Bring out the bagpipes, strain your vocal chords and grab a hold of those growlingly-embittered lyrics. The most Irish-inspired corner of Boston (and that’s saying something) have ridden on in for another feisty ode to ‘Dirty Old Town’, or – as the cynics would have it – tracks about one place applied to another (Ewan MacColl’s original, for what it’s worth, was about Salford, near Manchester). When it comes to Dropkick Murphys, you’ve probably not only got the gist things, but already mentally filed them away at one extreme or the other. On the one hand, this is arguably the most pulsating modern re-imagining of something vaguely in touch with Irish musical traditions. Then again, there’s an air of the American-accented visitor departing Gardiner Street’s hostels for the first time, nodding to a loose, century-old heritage and declaring themselves ‘Irish’ to everyone in sight.
Fall where you like on what will always be Dropkick Murphys biggest issue in Ireland – it only takes a track or two to learn Signed & Sealed In Blood isn’t about to change any minds – but the Bostonian’s eighth studio release has every ounce of the frenzied trad-hybrid assault that grabbed at so many in the first place. ‘Don’t Tear Us Apart’ is a melodic highlight, one of those raucous, repetitive chorus lines that fosters a vague unity, ambiguous enough to associate as you see fit, but potent enough to incite. ‘End of the Night’ flits between the story of a messy one and a lovingly constructed series of micro-tales, all cleverly familiar lyrics, while opener ‘The Boys Are Back’ (Thin Lizzy link in name only) is a chant-along piece of chaos that’s bound to add to that intense live set up. It’s drink fuelled, it’s insanely energetic and there’s barely a symbolic trick missed.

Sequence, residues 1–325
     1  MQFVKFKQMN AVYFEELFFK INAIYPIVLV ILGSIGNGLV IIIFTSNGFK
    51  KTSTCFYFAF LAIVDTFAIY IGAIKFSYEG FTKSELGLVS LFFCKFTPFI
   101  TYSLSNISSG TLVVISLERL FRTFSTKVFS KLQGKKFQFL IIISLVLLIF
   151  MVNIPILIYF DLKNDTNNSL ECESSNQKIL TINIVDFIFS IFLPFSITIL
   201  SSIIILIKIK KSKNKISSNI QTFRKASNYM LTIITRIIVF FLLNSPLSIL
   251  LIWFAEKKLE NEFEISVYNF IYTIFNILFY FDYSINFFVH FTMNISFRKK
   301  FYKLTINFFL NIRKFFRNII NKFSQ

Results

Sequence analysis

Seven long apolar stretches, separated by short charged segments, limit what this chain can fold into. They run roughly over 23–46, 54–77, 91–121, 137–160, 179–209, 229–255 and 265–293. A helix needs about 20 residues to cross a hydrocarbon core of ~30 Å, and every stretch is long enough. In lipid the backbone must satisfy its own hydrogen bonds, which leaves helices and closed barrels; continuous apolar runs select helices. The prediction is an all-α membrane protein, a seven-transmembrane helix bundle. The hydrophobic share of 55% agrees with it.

In amongst it all, there are some seriously bizarre asides. ‘Out Of Our Heads’ sees Dropkicks reinvented as a one-track-only country-rock band, with depressingly tame consequences and weak verses (the choruses kick off messily as usual). ‘The Seasons Upon Us’ is a still more silly attempt at punk-rock Christmas, dropped in mid-album in a way that allows its daftly kitsch lyrics to disrupt the chest-bashing flow, and is bound to annoy in a few months. Still, after exhausting The Pogues and Chris Rea, it’ll lighten the cheesy Christmas-jingle load.
What the Dropkick Murphys continue to pull off above all else, though, is a sense of fun. For all Signed & Sealed In Blood’s flaws, it’s still an easy album to love, wedged with intoxicating energy and strangely endearing anger. There’s nothing here that’s about to live up to Ireland rugby’s latest unofficial theme tune ‘I’m Shipping Up To Boston’, but with a couple of odd exceptions, the memorable ability to wedge in references to anything from religion to the famine in a way your averaged Irishman might find clichéd turns out to be an asset. Most Irish residents could never exhibit such an unabated, cynicism-free love-in; we’re just too close to the harder realities. As long as the Murphys do it for us, putting doubts aside offers entry to one hell of a party.